How foreign securities houses should enter China
Foreign banks hoping to break into China’s capital markets will have an open invitation at the end of next year, when final restrictions on their ownership of securities houses are removed. They will have some small successes with secondary trading but muscling in on primary capital markets will prove expensive ─ and risky.
Foreign banks are rightly excited about their chances of getting unfettered access to China’s capital markets. They can already own 51% of onshore securities joint ventures but the China Securities Regulatory Commission (CSRC) said last month that it would scrap that limit on December 1, 2020.
As GlobalCapital has reported previously, that offers real opportunities for those firms already operating in the market, most of them burdened by a majority partner, as well as foreign banks that have not yet made the move. UBS and HSBC both have majority-owned JVs, Nomura and JPMorgan got permission in March to create their own. Just last week, Goldman Sachs and Morgan Stanley also got the nod to lift their holdings in Goldman Sachs Gaohua Securities and Morgan Stanley Huaxin Securities to 51%.
But in Beijing last week, foreign bankers revealed their fears about how much — or, indeed, how little — impact China’s open invitation would have on their businesses. Any bank CEO with a modicum of global ambition will talk at length about the need to grow in China. But few are sure how to do it.
A big problem is the cut-throat competition foreign banks face in the domestic primary bond markets. Their local rivals will swallow small fees and use buckets of their own capital to underwrite deals. Many of them are not only willing to hold bonds on their own balance sheets, but eager. DCM, for these firms, is a way of sourcing investment opportunities.
Few foreign banks will play this game. Most are unwilling to dramatically adapt their underwriting standards to add ‘Chinese characteristics’. Too many appear to be pinning their hopes on a naïve belief that ‘global standards’ will sway clients who want to prove they can play in the international marketplace. But when much of your competition will come from other global banks, ‘global standards’ hardly offer a unique pitch.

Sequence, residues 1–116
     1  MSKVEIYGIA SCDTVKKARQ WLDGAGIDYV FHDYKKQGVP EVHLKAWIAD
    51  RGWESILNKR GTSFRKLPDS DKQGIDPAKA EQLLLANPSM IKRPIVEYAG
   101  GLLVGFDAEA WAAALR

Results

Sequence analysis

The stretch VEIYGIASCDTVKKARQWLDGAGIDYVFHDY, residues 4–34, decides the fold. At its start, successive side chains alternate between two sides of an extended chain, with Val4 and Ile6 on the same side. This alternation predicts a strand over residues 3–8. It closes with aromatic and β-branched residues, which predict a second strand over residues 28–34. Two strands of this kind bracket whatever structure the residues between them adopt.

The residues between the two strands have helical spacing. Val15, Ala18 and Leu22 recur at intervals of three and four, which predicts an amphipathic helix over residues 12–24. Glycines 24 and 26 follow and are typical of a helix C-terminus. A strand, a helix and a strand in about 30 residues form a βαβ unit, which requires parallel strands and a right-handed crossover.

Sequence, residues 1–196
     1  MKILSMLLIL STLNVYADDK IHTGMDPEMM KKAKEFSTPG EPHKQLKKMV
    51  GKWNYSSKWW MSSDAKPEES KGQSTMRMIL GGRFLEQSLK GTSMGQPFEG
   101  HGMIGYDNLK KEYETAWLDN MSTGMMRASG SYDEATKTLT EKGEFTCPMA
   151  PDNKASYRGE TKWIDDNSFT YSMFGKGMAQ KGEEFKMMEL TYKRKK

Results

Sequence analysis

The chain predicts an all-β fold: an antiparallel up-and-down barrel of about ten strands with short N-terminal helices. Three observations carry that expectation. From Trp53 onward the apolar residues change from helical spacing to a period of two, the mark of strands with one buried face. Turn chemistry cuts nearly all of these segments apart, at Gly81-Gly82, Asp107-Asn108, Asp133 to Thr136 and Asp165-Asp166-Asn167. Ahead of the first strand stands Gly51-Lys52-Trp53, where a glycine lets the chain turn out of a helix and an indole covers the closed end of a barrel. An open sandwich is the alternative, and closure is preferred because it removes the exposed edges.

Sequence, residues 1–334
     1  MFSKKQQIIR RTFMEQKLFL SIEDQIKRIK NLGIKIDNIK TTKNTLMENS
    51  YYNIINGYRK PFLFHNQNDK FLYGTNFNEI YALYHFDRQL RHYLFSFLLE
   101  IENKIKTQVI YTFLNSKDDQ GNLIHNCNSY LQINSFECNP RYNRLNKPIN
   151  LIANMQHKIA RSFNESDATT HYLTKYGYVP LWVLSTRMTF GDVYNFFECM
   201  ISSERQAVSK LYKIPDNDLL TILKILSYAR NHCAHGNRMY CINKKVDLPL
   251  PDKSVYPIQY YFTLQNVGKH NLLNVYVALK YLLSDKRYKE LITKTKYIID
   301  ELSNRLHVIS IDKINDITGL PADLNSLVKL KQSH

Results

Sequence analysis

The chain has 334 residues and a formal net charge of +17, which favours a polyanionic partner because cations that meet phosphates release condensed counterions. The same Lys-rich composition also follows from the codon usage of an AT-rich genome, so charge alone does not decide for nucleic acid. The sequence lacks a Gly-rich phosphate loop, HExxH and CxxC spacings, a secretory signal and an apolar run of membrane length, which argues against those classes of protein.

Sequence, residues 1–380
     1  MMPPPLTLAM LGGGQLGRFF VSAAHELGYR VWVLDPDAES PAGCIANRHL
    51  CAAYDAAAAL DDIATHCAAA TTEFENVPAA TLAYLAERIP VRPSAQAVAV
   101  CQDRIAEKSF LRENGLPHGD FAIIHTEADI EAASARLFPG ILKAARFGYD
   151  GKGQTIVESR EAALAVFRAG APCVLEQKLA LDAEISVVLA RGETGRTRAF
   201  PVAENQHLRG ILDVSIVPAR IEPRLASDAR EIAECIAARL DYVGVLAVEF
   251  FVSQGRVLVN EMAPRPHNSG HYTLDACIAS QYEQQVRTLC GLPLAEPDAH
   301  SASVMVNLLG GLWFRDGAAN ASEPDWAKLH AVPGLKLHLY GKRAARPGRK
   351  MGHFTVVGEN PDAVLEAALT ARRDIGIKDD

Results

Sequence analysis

A few banks will make it work, most likely those whose relationships in the onshore market will simply echo those they have already built offshore. The favourites should certainly be those who have already set up JVs in the country, although separating their relationships from local partners/rivals may prove difficult.
The best solution seems to be approaching the market with humble ambitions. One China head at a global firm said he plans to concentrate his near-term efforts on the country’s secondary markets. Broking may not be a glamorous business, but it does present an obvious step for foreign bankers hoping to bring their offshore clients into the market.
Primary business is a more obvious step for swashbuckling global investment banks, but it also presents problems. But is it worthwhile? A head of DCM at an onshore securities house recently told GlobalCapital Asia's sister publication GlobalRMB that 10 years ago, the firm could earn as much as Rmb100m ($14m) in fees underwriting three large corporate bonds. Now that number has gone down to just a few million.
Consider another set of numbers: Citic Securities, Haitong Securities and Guotai Junan Securities had Rmb232bn, Rmb166.4bn and Rmb174.1bn in financial assets on their balance sheets at the end of September. UBS Securities, HSBC Qianhai Securities and Goldman Sachs Gaohua Securities, three of the biggest foreign JVs in terms of total assets, held just Rmb4.10bn, Rmb1.69bn and Rmb1.68bn at the end of last year, respectively.
These firms are all likely to increase their local asset base in the coming years but their growth will be careful — and almost certainly slower than some of their hyper-aggressive local rivals.
Cue a wall of new entrants trying to position themselves as the broker of choice for foreign investors entering China. This will be neither sexy nor as lucrative as many banks would like. But it is still a sensible step in a country that offers almost as many hurdles as it does opportunities.